There are a few things that can go wrong ‘down there’ and when a woman begins to feel dryness, burning or itching, the sensations are bound to raise the question of what’s causing them rather quickly. Since three out of four women will experience yeast infections in their lifetime, and since it’s one of the most common occurrences in vaginal irritations, chances are that the itching and burning are yeast infection symptoms.
But there are other things that can mimic yeast infection symptoms closely and you should know the difference to try and tell when you’re experiencing something easy to treat or a problem that may be a little more serious.
Standard yeast infection symptoms include itching, redness, burning, or swelling of the vaginal area, a white discharge that may resemble cottage cheese, dryness, irritation or pain during sexual intercourse, and a burning sensation when urinating. Some women experience most or all of these yeast infection symptoms, while some women only have one or two. There are also varying degrees – yeast infection symptoms can be very painful and extremely uncomfortable or they can be quite mild.
The causes of yeast infection symptoms can be related to birth control pills, antibiotics, sensitivity to soaps or douches, sexual transmission, pregnancy and diabetes. Any of these can upset the imbalance of the pH levels in the vagina, leaving you with the discomfort of itching and redness.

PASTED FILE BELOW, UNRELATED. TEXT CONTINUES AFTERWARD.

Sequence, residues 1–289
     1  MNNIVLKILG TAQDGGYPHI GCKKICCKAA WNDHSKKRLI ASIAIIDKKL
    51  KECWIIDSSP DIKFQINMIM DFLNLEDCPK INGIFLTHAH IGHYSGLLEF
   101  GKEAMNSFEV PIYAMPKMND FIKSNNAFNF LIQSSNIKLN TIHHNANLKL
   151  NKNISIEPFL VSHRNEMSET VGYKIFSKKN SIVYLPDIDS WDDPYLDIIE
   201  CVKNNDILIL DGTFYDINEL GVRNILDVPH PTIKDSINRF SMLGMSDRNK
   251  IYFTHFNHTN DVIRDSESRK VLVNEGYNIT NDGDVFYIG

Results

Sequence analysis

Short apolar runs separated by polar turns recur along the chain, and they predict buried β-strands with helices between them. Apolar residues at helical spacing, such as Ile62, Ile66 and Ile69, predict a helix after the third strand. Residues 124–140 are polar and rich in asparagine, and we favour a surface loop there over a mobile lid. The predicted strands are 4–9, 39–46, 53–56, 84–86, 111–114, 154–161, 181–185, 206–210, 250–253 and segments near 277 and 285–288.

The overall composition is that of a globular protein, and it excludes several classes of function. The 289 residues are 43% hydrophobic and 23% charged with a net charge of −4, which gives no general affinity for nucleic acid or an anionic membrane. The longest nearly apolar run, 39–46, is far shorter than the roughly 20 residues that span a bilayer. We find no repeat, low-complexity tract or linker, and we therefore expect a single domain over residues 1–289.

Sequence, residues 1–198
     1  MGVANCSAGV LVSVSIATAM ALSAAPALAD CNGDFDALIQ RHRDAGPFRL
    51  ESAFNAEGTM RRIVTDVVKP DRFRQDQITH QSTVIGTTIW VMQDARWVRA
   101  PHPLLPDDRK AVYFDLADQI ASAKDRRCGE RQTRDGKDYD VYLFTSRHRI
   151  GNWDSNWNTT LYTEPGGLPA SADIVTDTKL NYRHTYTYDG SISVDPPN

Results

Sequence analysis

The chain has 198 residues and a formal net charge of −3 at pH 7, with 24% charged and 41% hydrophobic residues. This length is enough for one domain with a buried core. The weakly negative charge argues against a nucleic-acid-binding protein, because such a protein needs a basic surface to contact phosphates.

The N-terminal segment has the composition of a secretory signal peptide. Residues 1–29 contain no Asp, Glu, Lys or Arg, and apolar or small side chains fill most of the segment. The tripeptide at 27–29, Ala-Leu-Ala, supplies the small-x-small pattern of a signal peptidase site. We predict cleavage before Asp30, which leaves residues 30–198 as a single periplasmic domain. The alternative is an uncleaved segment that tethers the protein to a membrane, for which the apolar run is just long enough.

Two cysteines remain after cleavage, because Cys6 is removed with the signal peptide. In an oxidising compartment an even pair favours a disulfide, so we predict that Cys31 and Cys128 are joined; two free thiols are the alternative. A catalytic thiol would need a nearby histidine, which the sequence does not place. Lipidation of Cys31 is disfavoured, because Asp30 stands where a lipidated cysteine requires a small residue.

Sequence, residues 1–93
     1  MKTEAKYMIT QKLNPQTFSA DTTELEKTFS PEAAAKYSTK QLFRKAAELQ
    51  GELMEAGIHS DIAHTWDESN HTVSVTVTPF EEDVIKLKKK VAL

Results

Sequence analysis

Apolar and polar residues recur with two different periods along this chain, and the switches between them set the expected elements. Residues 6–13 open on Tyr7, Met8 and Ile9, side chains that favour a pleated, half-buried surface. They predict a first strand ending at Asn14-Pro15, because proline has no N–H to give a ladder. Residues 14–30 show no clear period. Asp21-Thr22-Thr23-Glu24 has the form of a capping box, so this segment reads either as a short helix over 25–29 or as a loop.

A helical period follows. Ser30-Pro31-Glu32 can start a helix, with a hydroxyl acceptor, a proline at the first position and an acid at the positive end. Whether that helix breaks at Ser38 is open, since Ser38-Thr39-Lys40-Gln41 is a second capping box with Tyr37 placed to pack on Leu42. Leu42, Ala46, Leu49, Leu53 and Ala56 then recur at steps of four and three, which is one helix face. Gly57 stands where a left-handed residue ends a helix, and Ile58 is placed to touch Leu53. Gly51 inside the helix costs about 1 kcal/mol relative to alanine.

Pharmacies carry over-the-counter antifungal medications that are easy and quick to use and that will clear up yeast infection symptoms within three to seven days.
Be Sure You Have A Yeast Infection
While other vaginal problems can resemble yeast infection symptoms, there are some differences that can help you tell the difference. A bacterial infection will have greyish discharge that has a fishy odour, and over-the-counter medication for a yeast infection will not cure symptoms. Greenish-yellow discharge points to trichomoniasis, a sexually transmitted disease.
Vaginitis resembles yeast infection symptoms in that there is burning, itching and redness but the causes are related to irritations from perfumed soaps, douches and bubble baths. Discontinuing use usually eases the symptoms of vaginitis rather quickly.
If this is your first time experiencing the discomfort of yeast infection symptoms, you do need to get a firm doctor’s diagnosis to out-rule anything else that could be the culprit. If you’re pregnant, you have even more reason to consult with your doctor before using over-the-counter medication for your yeast infection symptoms, as not all products are recommended or considered safe for pregnant women.